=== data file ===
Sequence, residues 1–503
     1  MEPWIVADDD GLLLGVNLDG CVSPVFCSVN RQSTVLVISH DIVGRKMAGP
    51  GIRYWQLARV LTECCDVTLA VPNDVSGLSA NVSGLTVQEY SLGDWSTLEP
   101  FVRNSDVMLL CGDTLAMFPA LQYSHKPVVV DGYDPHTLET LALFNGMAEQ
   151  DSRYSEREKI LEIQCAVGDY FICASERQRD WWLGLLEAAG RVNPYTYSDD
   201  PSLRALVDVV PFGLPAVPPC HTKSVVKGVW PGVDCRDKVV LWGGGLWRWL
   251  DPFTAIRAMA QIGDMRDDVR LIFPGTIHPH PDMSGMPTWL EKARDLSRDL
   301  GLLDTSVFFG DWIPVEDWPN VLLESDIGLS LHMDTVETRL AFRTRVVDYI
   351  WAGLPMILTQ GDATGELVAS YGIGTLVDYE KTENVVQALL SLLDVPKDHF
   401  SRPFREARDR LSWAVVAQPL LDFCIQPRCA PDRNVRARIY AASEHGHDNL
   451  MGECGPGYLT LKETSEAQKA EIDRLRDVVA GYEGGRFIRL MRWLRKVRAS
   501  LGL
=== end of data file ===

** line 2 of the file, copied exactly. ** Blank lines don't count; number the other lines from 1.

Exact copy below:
     1  MEPWIVADDD GLLLGVNLDG CVSPVFCSVN RQSTVLVISH DIVGRKMAGP